Afternoon Hearing on 10 July 2012

Dr Martin Moore gave a statement at this hearing

Hearing Transcript

(2.00 pm) MR JAY The position of the ombudsman within your system, paragraph 45 of Professor Frost's statement. We can see that it's the board who's going to appoint an ombudsman. He or she would be responsible for processing complaints and identifying issues of concern for the board. As your joint statement makes clear, cases raising points of principle will then be referred up. Will the ombudsman have a press background or not? PROFESSOR FROST I don't personally think that's essential, although it may well be quite useful. Certainly if we look at the example of the Irish Press Council, the ombudsman there does have a press background and I think the Irish find that very useful. But it wouldn't have to be. We certainly wouldn't stipulate that that person has to have a press background.
Q. With evidence we've received, the ombudsman, if the term's going to be used in its strictest sense, should be wholly independent of the regulator. Is that something that you're proposing or you're not too concerned about that aspect? PROFESSOR FROST I think that would work best if they were independent but clearly they would have to operate to the code and to the guidelines and good practice and any other policy documents that came down from the board, so they would end up being subservient to that.
Q. Is the ombudsman any different from a sort of first tier of complaints-handling, just giving the chair of that tier, as it were, a different label? PROFESSOR FROST Well, if you want to put it that way, I think that's how it would work, that the first complaints should go to the newspaper. If the complainant doesn't get satisfaction there, they would then go to the new body and the ombudsman would investigate and come to some conclusion. If, again, the person wasn't satisfied, they could then appeal to the board, but I would anticipate that most complaints would be fairly standard, would be dealt with measuring against the code and against guidelines for good practice, and the rulings handed down by the ombudsman would then be appropriate and that would allow for corrections, apologies, other statements to be published in the newspaper. MS STANISTREET It's also a system that the members of the public are really familiar with and the role of the ombudsman as somebody who approaches things in a fair and transparent way from the perspective of ordinary members of the public. I think that would be a very positive step towards rebuilding public trust in journalism.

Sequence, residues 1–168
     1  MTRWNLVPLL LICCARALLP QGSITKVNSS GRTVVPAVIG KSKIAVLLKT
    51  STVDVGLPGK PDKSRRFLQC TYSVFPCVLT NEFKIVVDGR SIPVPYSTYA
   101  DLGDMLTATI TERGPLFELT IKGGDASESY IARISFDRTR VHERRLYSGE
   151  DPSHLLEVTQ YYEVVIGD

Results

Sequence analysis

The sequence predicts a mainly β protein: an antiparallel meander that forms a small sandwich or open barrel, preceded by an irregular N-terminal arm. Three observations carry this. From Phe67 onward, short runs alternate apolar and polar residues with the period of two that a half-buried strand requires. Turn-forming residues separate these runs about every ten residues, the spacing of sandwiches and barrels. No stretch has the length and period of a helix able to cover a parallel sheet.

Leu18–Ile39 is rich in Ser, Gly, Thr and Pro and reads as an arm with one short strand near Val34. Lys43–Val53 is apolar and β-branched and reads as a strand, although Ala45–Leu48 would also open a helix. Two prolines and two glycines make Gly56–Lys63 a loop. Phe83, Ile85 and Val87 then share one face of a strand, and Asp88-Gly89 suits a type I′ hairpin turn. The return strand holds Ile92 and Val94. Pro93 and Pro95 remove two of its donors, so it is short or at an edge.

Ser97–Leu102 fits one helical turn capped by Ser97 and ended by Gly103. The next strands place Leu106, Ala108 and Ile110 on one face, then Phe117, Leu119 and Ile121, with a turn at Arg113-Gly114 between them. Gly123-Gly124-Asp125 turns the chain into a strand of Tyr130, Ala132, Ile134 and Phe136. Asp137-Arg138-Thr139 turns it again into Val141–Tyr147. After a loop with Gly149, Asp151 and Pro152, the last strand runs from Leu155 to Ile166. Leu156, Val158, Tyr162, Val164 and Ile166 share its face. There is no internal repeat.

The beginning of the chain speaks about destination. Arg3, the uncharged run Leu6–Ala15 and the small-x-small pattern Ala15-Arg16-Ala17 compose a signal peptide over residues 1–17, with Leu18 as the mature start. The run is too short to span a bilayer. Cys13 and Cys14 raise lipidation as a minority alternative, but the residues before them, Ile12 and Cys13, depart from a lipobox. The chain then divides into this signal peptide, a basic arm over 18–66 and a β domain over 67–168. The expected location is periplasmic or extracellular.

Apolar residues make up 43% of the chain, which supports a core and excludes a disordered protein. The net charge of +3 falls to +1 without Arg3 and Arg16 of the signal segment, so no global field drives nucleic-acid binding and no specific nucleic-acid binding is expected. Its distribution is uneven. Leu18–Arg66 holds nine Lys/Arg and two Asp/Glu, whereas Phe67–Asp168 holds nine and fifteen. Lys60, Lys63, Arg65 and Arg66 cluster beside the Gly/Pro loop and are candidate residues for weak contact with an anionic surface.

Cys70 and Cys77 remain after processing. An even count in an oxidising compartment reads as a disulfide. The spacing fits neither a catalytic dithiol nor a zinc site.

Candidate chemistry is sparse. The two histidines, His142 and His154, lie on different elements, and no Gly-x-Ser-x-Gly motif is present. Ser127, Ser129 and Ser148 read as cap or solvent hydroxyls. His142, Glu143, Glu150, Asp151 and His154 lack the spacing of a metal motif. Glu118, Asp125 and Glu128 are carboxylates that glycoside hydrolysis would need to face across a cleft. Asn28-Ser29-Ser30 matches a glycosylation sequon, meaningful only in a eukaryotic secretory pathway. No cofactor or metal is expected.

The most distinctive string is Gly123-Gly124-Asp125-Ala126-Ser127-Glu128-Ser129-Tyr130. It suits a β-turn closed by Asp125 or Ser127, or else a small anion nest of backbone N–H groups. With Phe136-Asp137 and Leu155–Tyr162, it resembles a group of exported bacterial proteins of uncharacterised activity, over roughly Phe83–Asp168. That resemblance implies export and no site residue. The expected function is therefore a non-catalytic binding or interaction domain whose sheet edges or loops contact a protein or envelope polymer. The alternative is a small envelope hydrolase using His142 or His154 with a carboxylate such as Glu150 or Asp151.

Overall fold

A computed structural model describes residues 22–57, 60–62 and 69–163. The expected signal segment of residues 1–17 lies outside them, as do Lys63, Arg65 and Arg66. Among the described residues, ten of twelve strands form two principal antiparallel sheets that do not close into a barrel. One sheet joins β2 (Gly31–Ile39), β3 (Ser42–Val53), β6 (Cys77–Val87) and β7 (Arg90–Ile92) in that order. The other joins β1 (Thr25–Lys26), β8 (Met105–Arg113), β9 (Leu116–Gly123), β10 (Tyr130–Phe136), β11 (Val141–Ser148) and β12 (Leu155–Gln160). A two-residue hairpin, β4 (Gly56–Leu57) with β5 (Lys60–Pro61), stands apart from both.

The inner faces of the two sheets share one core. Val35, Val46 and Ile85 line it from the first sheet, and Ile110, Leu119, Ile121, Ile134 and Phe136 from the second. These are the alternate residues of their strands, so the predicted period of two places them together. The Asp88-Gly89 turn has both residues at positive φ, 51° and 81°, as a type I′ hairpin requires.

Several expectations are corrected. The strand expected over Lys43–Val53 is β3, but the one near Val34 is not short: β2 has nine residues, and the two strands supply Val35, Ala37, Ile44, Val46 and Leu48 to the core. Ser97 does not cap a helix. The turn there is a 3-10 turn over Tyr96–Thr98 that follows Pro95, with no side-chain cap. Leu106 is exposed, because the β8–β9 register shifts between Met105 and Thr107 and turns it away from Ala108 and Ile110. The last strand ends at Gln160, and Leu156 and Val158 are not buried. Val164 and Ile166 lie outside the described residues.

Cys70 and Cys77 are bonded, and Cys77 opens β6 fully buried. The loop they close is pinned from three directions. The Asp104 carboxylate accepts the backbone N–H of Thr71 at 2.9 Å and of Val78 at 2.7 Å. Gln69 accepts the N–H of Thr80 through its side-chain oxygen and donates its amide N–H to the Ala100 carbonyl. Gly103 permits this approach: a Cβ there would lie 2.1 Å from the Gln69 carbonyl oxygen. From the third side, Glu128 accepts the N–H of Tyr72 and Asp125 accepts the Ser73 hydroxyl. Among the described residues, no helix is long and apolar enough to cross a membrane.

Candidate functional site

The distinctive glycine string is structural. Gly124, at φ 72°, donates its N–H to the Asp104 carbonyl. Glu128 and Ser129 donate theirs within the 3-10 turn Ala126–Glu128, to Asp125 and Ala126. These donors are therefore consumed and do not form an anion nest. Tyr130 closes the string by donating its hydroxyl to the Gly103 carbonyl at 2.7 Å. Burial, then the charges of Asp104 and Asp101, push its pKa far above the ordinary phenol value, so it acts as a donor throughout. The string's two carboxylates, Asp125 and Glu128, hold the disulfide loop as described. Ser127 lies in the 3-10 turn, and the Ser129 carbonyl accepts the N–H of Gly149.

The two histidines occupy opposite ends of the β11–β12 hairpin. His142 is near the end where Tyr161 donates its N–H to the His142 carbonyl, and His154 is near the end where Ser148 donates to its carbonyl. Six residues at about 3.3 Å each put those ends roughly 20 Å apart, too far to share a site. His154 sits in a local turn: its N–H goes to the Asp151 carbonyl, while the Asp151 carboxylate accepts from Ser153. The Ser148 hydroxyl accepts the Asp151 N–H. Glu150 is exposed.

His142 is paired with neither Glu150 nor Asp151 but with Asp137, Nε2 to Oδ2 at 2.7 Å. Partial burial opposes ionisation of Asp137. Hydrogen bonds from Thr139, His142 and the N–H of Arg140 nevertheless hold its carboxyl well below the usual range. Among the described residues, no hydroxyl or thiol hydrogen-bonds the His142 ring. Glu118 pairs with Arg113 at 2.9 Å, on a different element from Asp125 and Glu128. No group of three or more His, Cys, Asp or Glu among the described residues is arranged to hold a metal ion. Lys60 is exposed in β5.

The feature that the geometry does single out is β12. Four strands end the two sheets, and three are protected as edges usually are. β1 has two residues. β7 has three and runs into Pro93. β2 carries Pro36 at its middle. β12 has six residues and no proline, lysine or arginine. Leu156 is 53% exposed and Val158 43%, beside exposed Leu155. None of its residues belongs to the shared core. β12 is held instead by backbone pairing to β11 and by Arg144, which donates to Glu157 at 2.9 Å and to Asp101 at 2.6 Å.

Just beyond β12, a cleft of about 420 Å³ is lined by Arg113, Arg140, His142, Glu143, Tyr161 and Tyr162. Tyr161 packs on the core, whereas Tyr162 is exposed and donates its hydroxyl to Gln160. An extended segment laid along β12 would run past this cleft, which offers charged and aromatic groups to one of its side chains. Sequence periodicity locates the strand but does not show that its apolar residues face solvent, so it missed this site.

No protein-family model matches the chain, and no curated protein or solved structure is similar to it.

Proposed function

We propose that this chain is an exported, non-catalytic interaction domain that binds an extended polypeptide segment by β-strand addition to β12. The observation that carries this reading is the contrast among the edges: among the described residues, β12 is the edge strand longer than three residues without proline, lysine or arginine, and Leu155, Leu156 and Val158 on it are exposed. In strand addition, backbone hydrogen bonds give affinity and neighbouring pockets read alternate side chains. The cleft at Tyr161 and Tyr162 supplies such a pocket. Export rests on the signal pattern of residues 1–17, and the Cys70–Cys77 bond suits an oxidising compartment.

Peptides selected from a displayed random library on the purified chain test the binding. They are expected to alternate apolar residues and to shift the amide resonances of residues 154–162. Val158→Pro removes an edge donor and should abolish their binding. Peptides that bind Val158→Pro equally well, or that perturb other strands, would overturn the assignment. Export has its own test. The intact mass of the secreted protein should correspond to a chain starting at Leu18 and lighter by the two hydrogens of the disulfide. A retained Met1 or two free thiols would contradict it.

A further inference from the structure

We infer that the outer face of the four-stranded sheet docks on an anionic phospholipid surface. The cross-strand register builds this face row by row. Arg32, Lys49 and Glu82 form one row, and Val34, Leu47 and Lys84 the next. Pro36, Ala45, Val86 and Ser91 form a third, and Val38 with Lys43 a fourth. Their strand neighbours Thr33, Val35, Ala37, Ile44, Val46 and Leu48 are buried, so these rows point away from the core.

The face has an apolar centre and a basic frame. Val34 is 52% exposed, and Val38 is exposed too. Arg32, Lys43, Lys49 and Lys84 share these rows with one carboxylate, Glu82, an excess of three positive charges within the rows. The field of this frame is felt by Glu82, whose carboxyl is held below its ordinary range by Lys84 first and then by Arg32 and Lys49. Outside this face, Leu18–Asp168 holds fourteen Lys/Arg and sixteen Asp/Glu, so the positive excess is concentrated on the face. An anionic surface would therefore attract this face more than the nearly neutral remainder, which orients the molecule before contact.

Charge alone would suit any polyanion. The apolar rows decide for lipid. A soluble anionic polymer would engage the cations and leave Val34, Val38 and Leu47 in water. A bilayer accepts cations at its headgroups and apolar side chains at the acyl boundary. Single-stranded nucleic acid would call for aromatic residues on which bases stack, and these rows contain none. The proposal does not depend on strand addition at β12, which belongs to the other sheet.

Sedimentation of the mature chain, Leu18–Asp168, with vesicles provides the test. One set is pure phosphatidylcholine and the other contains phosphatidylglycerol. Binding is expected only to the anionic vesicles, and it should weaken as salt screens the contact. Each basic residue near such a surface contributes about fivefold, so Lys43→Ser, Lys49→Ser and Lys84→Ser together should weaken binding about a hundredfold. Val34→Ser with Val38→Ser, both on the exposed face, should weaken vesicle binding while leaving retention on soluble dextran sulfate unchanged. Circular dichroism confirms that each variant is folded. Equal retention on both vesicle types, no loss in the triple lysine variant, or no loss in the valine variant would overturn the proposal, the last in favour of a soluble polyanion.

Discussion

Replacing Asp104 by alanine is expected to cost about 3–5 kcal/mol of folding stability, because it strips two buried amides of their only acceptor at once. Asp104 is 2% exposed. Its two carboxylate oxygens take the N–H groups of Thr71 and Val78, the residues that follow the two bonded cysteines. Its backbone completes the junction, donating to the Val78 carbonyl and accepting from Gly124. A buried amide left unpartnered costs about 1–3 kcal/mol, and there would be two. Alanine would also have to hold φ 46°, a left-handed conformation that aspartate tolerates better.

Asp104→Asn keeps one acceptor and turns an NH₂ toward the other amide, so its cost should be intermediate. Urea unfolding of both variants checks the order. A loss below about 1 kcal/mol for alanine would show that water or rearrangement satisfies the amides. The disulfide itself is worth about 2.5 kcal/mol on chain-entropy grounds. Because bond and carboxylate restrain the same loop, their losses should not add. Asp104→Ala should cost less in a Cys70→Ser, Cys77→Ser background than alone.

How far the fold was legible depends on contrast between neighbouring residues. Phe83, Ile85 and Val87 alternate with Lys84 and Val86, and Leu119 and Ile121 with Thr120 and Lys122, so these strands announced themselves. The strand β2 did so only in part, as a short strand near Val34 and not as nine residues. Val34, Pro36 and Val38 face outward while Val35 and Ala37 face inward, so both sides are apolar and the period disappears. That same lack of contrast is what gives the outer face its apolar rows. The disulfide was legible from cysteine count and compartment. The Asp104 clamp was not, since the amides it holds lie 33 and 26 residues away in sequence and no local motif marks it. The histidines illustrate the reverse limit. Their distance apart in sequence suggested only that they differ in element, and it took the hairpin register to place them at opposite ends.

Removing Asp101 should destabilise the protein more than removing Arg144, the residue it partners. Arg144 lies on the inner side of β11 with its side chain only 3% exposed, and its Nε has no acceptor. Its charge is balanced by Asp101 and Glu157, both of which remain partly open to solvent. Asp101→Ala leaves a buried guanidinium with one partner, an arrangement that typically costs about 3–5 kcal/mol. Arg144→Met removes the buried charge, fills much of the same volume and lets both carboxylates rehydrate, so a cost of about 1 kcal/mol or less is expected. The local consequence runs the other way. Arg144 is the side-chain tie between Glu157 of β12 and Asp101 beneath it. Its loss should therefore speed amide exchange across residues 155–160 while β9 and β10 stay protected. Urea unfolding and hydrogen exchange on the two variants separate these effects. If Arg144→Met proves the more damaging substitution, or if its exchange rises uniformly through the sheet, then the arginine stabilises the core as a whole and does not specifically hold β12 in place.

Q. Is it part of the role of this ombudsman that he or she would be involved in the brokering of dispute resolution in the same way as the PCC is currently engaged in, or would you envisage the system working in this way: that the first bite of the cherry is complaint to the newspaper, and if that fails, now you're in the complaints system, the ombudsman deals with it and then there's a decision? How would it work? PROFESSOR FROST Certainly the latter. It seems to me the appropriate place to do the negotiations or the brokering is directly with the newspaper. You complain to the editor or to the readers' editor and there may well be a discussion about how best to approach that, and whilst it seems pretty straightforward that if you complain about a story, that there should be a straightforward correction, it isn't always in the complainant's best interests to do that, particularly in the area of privacy, so there may well need to be a discussion between the complainant and the editor about how best to handle it. But if, at the end of the day, there is no satisfaction for the complainant, then they would go to the ombudsman, who would then be controlled by the code and by the guidelines, and I wouldn't see any mediation negotiation taking place at that time.
Q. I suppose the parties would still be free to negotiate a consensual solution even if the ombudsman is seized of the matter. You couldn't prevent that happening? PROFESSOR FROST No.